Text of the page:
Culture At Large

Tipping as Witness

Bethany Keeley-Jonker

I recently encountered this blog post by a Christian psychologist Richard Beck.  He writes, provocatively, “The single most damaging phenomenon to the witness of Christianity in America today is the collective behavior of the Sunday morning lunch crowd. Never has a more well-dressed, entitled, dismissive, haughty or cheap collection of Christians been seen on the face of the earth.”  He admits that he exaggerates, but I agree with him that he has a point.

Though I’ve never been a restaurant server, I’ve seen this complaint before: the after-church crowd are rude, demanding and stingy.  Ever since I heard about this, I’ve become more conscious of the way I treat service workers. My sense of Sabbath makes me feel a little guilty about eating out on Sundays at all, but I’ll admit I do it anyway, sometimes in large groups. These large group, split the check situations are notorious for tipping problems, it’s complicated math, you think maybe somebody else will make up for you if you short the bill a little.

This brings me to this question: how would Jesus tip? My first thought is that Jesus might be the server, but of course service in the Bible was different from how it is today. We can think about some general principles Jesus exhibited though. Jesus thought it was important that people be treated kindly, he frequently treated outcasts with respect and kindness. If we follow this example, we should certainly be kind to service workers.  Jesus also cared about people getting enough: he made sure there was enough wine at a wedding, he miraculously fed thousands. I wish our restaurants paid their employees enough that they could survive on their wages alone, but they depend on tips, so we should be aware of that.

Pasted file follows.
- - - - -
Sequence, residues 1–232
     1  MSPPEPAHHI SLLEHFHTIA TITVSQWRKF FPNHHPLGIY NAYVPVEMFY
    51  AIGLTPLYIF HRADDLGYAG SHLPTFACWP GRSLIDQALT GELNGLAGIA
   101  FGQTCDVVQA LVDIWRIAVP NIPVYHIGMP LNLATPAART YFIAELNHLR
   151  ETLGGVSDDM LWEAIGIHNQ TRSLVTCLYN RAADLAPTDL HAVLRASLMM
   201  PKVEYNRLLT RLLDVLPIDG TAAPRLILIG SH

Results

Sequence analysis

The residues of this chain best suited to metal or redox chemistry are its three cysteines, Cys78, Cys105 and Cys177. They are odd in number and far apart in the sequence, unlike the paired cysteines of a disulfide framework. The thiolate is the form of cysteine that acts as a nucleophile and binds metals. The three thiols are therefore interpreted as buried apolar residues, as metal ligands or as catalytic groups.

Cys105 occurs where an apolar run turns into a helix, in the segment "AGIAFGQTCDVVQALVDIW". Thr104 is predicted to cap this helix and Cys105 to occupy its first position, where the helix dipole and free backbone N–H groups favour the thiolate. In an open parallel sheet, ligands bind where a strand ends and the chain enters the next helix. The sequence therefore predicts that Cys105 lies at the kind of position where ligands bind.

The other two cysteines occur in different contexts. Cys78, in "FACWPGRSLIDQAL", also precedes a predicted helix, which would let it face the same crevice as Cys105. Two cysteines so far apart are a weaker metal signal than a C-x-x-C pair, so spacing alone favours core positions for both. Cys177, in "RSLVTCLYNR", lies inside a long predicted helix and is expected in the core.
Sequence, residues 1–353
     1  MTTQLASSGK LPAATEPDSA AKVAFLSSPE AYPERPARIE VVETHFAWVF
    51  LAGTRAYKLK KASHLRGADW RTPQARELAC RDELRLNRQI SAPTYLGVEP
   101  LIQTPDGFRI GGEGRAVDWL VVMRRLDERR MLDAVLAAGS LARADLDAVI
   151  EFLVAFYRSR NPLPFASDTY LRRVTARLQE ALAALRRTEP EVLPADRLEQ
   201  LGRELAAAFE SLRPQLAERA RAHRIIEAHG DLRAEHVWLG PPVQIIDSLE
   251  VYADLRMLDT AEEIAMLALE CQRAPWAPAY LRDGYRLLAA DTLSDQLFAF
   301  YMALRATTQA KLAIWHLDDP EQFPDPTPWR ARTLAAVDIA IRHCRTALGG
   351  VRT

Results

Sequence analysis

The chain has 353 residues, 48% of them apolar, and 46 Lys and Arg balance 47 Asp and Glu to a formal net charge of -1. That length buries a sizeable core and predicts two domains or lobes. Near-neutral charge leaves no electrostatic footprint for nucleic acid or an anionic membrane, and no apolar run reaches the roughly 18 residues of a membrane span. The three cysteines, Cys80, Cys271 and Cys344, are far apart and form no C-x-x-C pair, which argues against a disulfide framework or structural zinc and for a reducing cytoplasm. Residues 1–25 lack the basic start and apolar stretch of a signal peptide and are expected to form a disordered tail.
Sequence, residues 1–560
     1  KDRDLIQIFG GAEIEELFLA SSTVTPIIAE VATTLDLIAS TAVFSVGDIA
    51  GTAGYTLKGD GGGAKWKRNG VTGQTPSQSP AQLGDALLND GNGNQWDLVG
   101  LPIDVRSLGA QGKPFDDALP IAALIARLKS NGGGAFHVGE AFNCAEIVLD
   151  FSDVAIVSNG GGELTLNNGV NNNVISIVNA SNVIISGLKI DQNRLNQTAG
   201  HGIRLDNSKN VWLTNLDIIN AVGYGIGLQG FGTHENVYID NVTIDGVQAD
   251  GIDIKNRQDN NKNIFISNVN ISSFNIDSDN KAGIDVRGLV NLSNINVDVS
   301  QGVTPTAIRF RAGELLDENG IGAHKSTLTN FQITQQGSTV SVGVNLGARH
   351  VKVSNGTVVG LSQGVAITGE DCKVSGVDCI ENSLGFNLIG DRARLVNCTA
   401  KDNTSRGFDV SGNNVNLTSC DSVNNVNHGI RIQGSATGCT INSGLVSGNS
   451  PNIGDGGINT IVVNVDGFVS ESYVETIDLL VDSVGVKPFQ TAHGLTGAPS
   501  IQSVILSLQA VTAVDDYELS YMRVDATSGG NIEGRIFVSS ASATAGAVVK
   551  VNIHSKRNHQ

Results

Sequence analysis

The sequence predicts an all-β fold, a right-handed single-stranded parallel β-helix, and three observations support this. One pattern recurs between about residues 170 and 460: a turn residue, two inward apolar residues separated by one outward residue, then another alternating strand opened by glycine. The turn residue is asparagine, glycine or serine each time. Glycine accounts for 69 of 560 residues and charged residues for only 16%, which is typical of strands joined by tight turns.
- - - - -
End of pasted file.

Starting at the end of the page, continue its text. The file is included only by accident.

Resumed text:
I think it’s best to think of our interactions with other people in two related ways. First, if this person knows I am a Christian, how is my behavior reflecting what that means to me? Second, I think it is our job in the world to show Christ’s love to others, and that love does not necessarily need to be linked to an explicit presentation of the gospel. This is more radical, but I was really persuaded by this perspective at a church I used to attend in Grand Rapids, where we took a few Sundays and participated in service projects. When people asked why we were doing it, we were supposed to say, “We are trying to pass on the love God has shown us” or something similar. The leadership of that church were convicted that God’s love for us ultimately comes in extravagant generosity, no strings attached.

When I think about this attitude, it makes it a lot easier for my natural tightwad to put an extra dollar in that jar or on that table. What better use for a few dollars than to repeat God’s generosity toward others?  Perhaps our best witness is when we are most aware of the gifts God has given us and sharing those with others. Maybe next, I can work on showing this same grace when I’m driving my car...

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